Thursday, June 9, 2011

Taking Certification Exams

Recently[1] I had the honor of presenting at the Microsoft Exam Cram Marathon. My one hour session was on exam 70-433, SQL Server 2008 Database Development MCTS.

The format was a bit different than normal. Not only did I present on the exam, I was able to spend a bit of extra time on a component covered by the exam that many people don’t have a chance to work with – partitioned tables. I may be biased, but I though the session went rather well. The demos went perfectly and the session flowed really well. If you like, you can access the scripts I used for my partitioned tables demo. You can also listen to the recording.

The one downside to the format, however, was it was only 60 minutes. I’ve done this presentation many times, but every time I’ve done it I’ve had 75 minutes. That 15 minutes makes a huge difference. As a result, I wasn’t able to cover one of the most important parts of exam prep – taking the exam.

I’ve been known to say that I think that passing an exam takes two skills – skill with the product, and test taking skills. I’m going to assume the first part in this blog post, and I’m going to cover the second here.

Here are my top 5 test taking tricks:

  1. Don’t Panic. To quote the Hitchhiker’s Guide to the Galaxy, those are the most important two words when you’re taking an exam. If you haven’t taken an exam in a while, or there’s a bonus riding on it, or even just in general – taking exams can be stressful. The most important thing is to keep your wits about you, breathe deep and remember that the worst thing that will happen is you’ll fail and have to take the exam again. Granted, that’s not necessarily a great outcome, but it’s not like someone’s going to beat you with a stick.
  2. You Won’t Know Everything. This is the corollary to the first rule. There will be questions you don’t know the answer to. There will be questions that will possibly talk about something you’ve never seen or heard of before. That’s going to happen. You’re not going to know everything, and you’re not going to get every question right. It’s OK. You don’t have to score anything above 700 to pass. Nobody is going to see your score unless you show them the score sheet. 700 is passing. 701 means you studied too hard. ;-)
  3. When All Else Fails – Guess! On the certification exams, there are right answers and everything else. The everything else includes blank questions and wrong answers. They score the exact same – zero points. There’s no harm in guessing. With that in mind, when you’re looking at a question you don’t know the answer to, try to eliminate wrong answers. You can almost eliminate one right away, and frequently two. If there’s only 4 possible answers, you’ve now given yourself a 50/50 shot. And there will be times when you’ll be able to eliminate three out of 4. If you can do that, then you’ve managed to figure out the right answer. The exam doesn’t ask you to “show your work”, only what the right answer is.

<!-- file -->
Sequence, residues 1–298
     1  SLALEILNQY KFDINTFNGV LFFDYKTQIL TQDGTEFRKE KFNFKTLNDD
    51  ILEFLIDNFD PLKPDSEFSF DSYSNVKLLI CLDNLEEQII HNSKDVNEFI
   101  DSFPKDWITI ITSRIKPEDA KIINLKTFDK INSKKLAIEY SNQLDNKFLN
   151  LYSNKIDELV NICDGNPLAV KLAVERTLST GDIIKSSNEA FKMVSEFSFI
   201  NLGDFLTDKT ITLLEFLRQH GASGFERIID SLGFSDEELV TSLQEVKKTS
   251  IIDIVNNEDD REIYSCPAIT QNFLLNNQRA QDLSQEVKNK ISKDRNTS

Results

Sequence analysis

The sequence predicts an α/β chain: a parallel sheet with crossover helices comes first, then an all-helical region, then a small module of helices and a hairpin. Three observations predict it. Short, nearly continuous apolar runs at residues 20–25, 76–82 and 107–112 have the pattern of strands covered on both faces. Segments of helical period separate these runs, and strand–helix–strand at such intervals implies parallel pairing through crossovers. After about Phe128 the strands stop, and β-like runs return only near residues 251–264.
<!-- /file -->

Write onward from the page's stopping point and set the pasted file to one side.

4. Keep the Easy Questions Easy. There will be questions where you’ll read it and instantly know the answer. Then a bit of doubt will creep into your mind, and you’ll wonder if it really is that easy. The best plan of attack is to simply reread the question one time, make sure you chose the right answer, and click next. Don’t overthink it. Don’t talk yourself out of the right answer. If you know it and you know it’s right, move on.
  5. Mark the Tough Questions for Review. You have the ability to mark questions and review them at the end of the exam. This can be helpful for questions you’re spending too long on, or ones you simply don’t know. Later questions may help jog your memory and you’ll be able to come up with the correct answer later. That said, be very careful about changing answers as your first instinct is almost always correct. Make sure you have a rock solid reason to change the answer before doing so.

Hopefully I’ve inspired you to head out and take a shot at either this exam or any other exam. I’d love hear your success stories below!

Good luck!

[1] Yesterday, actually.

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